As details are finalized on a new Atlanta Falcons football stadium, Architecture Professor Benjamin Flowers looks at how it could impact surrounding neighborhoods:
The congregations of Friendship Baptist Church and Mount Vernon Baptist Church have agreed to sell their properties to make way for the new Atlanta Falcons Stadium, ending months of speculation about where the new structure will be located.
While there is clarity about where the new stadium will be built, many important aspects of the project remain unanswered, not the least of which is the question of how a $1 billion stadium will help rather than harm surrounding neighborhoods.
These are, after all, the same neighborhoods that were promised, but never received, an economic revitalization from the construction of the Georgia Dome. Many area residents are justifiably skeptical about the promises of positive impacts from the new stadium (and subsequent demolition of the Dome). Those promises range from the new stadium spurring economic development in the surrounding neighborhoods to claims that its construction will produce living-wage jobs for local residents. These are commonly promised in stadium development plans that depend on public funding. They are less commonly delivered.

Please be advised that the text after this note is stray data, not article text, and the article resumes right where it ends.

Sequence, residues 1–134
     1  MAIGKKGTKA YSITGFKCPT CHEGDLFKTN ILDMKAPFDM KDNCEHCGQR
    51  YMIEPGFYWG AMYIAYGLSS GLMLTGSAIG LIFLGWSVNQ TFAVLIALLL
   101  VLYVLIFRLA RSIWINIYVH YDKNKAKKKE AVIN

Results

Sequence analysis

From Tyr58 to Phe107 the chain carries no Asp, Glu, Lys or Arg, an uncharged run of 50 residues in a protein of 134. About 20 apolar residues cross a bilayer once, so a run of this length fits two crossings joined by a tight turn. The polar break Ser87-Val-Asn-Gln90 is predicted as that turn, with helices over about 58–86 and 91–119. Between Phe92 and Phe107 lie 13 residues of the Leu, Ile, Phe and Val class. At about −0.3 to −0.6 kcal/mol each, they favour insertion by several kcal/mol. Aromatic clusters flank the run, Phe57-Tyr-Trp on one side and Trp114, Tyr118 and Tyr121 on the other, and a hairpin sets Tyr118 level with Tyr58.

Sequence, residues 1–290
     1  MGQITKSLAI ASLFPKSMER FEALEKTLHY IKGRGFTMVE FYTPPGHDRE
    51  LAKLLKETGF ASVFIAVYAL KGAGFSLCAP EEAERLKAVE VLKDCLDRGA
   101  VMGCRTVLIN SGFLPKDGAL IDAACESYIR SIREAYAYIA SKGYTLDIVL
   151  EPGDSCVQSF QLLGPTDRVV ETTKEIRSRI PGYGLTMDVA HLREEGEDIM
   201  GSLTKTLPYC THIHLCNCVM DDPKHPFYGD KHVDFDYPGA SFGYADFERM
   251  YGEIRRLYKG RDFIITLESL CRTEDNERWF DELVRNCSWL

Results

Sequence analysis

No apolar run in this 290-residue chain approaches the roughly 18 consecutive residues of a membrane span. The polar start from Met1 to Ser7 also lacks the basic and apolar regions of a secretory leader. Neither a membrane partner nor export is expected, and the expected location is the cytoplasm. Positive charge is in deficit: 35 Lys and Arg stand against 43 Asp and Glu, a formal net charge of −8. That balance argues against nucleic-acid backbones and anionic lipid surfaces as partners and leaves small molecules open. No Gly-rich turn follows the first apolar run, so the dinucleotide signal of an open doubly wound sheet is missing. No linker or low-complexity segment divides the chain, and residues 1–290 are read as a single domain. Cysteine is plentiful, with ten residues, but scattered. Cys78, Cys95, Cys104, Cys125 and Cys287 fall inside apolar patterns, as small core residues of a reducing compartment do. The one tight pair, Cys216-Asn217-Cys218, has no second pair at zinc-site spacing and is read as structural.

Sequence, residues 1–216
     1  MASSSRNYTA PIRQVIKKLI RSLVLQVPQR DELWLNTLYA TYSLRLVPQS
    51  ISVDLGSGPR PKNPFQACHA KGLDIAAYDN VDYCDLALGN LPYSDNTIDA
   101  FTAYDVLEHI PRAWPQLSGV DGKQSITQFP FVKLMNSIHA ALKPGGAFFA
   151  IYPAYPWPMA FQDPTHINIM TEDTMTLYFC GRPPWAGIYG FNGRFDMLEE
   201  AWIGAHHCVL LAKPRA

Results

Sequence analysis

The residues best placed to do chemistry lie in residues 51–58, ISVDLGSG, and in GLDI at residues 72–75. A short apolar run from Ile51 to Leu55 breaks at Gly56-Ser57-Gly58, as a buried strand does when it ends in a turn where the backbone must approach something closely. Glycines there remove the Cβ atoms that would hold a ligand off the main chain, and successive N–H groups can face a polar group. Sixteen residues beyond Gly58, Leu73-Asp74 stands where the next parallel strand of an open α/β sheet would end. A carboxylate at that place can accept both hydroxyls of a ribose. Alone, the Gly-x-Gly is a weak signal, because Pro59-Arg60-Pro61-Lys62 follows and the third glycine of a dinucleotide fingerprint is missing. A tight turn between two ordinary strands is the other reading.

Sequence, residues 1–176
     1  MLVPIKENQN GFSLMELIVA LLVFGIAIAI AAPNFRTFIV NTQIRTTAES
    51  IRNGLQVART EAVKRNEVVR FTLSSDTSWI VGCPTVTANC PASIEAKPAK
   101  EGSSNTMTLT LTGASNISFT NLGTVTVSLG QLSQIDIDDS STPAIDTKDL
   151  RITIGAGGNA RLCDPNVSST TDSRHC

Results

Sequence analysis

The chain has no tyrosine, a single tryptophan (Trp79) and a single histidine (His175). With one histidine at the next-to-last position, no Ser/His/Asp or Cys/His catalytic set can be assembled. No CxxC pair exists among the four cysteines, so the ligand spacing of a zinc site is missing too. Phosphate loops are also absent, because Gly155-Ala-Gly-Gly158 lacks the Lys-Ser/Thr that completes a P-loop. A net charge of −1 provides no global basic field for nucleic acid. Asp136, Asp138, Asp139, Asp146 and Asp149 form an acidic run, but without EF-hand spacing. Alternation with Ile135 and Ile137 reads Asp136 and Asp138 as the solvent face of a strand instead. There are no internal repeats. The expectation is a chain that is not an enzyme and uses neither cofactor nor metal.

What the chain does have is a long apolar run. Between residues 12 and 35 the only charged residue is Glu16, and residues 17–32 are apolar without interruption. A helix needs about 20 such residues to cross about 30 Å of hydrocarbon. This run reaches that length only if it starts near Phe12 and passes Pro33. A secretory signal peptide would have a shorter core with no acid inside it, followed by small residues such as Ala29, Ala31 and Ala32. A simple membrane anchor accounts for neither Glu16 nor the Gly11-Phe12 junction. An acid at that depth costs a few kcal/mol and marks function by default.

Remember, even the most active NFL stadium is used but for eight home games a year. Add every other imaginable event and you are likely still talking about a $1 billion building that is active less than 100 days out of the year.
What could it do the other 265 days?
Could it begin to fill in the variety of amenities Vine City and English Avenue currently lack? How might the construction of the new stadium and the demolition of the Dome allow for imaginative urban design solutions to a variety of current conditions that residents would like to see solved?
There's no reason a structure of the magnitude being discussed couldn't host a lot more uses than merely sporting ones. Public green space, gardens, space for local small businesses, transportation nodes and after school facilities for local children all could be slotted into a structure of this size.
These are the sorts of questions that city officials, neighborhood representatives, the Georgia World Congress Center Authority and the Falcons need to think long and hard about in the next few months.
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